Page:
For example, a pup named Flo-Rida got adopted thanks to a post that read: “Our very own Flo-Rida’s next big hit is coming this weekend in the form of a fee-waived adoption event! His musical skills are not quite the level of his namesake so instead he will be glad to give his pawtograph when you stop by for a meet & greet!”
“A silly name is just the thing to catch an adopter’s eye, whether that is in our shelter or on our website,” she told TODAY in an email.
To help a sweet black-and-white pup get noticed when there were several other similar-looking dogs available, LifeLine named her Debrah OrCredit. After she was featured in an upbeat TikTok video, she found a forever home.
Other dogs with happy endings include Cindy Pawper, Ja’Crispy, Secret Agent Randy Beans, Mr. Brutus Waffles and a rabbit named Hedda Lettuce.
A terrified, emaciated dog found in a plum box was initially too scared to leave his box, so LifeLine called him Plum — and helped him gain confidence to leave the box and ultimately find a home to call his own.
In Kansas City, Missouri, the nonprofit KC Pet Project cares for more than 14,000 pets a year, so staff and volunteers pitch in to pick names that match each animal’s personality. Foster families name litters of puppies and kittens in their care (there was recently a litter of “Bridgerton” kitties), according to Tori Fugate, chief communications officer for KC Pet Project.
“Our jobs can be very stressful and difficult and naming pets can be a really fun activity for our team,” she told TODAY in an email. “Plus, it helps adopters instantly gravitate toward a pet that they are interested in.”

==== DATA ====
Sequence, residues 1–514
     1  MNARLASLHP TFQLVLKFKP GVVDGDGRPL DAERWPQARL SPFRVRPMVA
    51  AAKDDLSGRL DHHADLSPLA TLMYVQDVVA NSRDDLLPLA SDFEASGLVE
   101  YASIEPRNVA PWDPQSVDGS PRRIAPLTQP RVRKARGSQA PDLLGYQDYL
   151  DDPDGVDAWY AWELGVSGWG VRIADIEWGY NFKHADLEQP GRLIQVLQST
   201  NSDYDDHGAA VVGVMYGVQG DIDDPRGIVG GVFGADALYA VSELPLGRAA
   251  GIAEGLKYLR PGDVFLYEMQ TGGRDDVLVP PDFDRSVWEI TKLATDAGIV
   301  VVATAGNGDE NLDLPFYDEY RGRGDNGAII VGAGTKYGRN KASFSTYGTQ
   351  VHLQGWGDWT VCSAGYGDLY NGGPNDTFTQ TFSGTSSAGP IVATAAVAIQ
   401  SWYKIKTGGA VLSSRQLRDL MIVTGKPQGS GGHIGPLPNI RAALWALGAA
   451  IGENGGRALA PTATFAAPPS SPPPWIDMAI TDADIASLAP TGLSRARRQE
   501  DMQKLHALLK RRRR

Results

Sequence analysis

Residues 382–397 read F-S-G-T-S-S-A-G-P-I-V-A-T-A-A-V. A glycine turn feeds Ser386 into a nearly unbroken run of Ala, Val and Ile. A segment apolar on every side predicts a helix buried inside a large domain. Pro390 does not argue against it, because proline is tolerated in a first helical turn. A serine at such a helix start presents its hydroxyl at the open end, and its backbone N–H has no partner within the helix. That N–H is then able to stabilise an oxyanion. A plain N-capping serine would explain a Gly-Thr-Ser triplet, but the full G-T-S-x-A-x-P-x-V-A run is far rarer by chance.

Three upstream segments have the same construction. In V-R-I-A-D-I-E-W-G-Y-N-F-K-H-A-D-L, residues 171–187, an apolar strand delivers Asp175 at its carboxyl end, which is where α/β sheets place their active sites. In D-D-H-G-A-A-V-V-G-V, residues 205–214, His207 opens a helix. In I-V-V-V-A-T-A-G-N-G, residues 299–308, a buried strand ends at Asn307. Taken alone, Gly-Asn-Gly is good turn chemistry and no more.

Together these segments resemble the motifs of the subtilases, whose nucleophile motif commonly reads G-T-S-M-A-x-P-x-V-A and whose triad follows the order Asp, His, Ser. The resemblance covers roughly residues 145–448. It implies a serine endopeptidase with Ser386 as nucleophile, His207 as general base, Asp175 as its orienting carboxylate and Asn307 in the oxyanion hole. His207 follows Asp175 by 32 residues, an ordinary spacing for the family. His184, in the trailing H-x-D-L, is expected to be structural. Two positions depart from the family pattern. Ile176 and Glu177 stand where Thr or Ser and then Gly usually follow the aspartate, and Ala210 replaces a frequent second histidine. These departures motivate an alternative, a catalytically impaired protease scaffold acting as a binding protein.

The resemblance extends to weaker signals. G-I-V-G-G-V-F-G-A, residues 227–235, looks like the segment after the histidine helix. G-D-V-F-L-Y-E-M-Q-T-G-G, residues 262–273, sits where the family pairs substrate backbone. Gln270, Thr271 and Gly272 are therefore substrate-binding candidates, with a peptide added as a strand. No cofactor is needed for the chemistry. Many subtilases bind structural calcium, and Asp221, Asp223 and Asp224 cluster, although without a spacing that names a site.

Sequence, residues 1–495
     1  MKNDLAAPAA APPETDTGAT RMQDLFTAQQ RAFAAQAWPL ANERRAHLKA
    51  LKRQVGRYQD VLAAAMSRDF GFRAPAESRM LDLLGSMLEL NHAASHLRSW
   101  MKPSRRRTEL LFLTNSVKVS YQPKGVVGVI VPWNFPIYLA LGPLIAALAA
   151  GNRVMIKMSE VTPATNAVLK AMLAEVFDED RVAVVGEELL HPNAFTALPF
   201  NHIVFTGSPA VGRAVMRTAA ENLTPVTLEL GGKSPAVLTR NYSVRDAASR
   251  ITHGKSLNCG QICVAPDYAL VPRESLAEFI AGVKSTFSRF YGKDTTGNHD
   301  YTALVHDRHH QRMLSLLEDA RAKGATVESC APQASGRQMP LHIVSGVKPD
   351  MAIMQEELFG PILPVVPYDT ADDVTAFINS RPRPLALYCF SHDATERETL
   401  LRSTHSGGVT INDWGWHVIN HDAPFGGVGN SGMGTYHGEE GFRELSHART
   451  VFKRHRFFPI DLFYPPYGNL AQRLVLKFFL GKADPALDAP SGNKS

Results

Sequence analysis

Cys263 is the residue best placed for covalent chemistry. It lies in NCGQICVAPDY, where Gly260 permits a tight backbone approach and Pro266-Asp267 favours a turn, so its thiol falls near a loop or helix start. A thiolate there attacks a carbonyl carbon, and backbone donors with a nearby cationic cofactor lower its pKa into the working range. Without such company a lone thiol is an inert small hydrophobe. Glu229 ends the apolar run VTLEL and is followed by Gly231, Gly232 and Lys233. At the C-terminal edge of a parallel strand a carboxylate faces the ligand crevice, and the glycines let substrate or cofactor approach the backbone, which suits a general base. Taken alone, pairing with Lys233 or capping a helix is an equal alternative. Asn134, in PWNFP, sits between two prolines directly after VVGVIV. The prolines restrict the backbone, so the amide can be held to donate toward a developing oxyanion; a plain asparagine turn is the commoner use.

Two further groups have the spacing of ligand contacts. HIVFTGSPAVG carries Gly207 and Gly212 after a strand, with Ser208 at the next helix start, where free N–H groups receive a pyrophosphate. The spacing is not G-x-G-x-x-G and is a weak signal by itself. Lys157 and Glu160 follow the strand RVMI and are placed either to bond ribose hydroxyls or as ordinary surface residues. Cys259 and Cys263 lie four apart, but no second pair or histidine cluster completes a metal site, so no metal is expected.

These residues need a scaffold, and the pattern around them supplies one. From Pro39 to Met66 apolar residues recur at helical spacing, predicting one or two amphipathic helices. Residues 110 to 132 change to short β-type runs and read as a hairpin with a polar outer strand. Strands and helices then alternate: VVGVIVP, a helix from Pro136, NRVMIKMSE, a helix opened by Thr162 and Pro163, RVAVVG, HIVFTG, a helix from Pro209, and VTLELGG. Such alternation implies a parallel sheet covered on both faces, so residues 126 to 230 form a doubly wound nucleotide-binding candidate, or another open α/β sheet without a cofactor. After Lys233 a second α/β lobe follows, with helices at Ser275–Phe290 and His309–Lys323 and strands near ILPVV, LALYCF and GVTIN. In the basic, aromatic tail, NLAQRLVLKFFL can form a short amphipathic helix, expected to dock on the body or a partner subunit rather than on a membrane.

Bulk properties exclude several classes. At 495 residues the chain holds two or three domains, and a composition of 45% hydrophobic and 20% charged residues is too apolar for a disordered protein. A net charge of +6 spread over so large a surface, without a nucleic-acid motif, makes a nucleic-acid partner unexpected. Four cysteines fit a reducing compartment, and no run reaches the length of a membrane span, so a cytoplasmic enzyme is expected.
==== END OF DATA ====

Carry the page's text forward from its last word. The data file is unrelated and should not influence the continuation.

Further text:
In fact, the nonprofit’s CEO, Julie Castle, recently adopted a dog named Montblac from the Best Friends Lifesaving Center in Los Angeles, California — and changed it.
“While it was a fun name, it didn’t suit her goofy, vibrant personality,” Castle told TODAY in an email. “We decided to rename her Sunshine, aka Sunny, to better reflect the ray of light that she is and to complement our other pup, named Shadow. It didn’t take her very long to learn, either — a name change is a lot easier to teach than people would probably expect.”
In the meantime, you can always have fun perusing dog adoption websites — both from shelters and rescues or searchable sites like Petfinder.com and Adopt-a-Pet.com. Perhaps Gravy, Elvis, Triumph, Riptide or countless other whimsically named adoptable pets will turn out to be the perfect fit for your home — or at least bring you a smile.
Warning: Passwords and pet names
No matter how much you love your pet’s name, never use it as a password, cautions Kelly Merryman, president and chief operating officer of the digital security company Aura. For starters, it’s easy for hackers to learn your dog’s name through social media posts.
“You just don’t think about the fact that when you tell stories about your life online, those are critical pieces of information that bad actors can find — and they can find it really easily,” she told TODAY. “They don’t have to go on the dark web to find my pet’s name. They just go on my public Instagram.”
Data released by Aura this month found 1 in 3 pet parents have used their pet’s name as a password for online accounts. Adding numbers — or substituting a dollar sign for the letter S or zero for the letter O — doesn’t offer protection since cybercriminals can program bots to try every number and permutation.
“Bots can be taught to operate very quickly and just push out every known version of a number before and after the name of my pet,” she said. “They can have hundreds of thousands of those running at the same time.”
So use your pet’s name to call them over for a treat — not to protect your online account.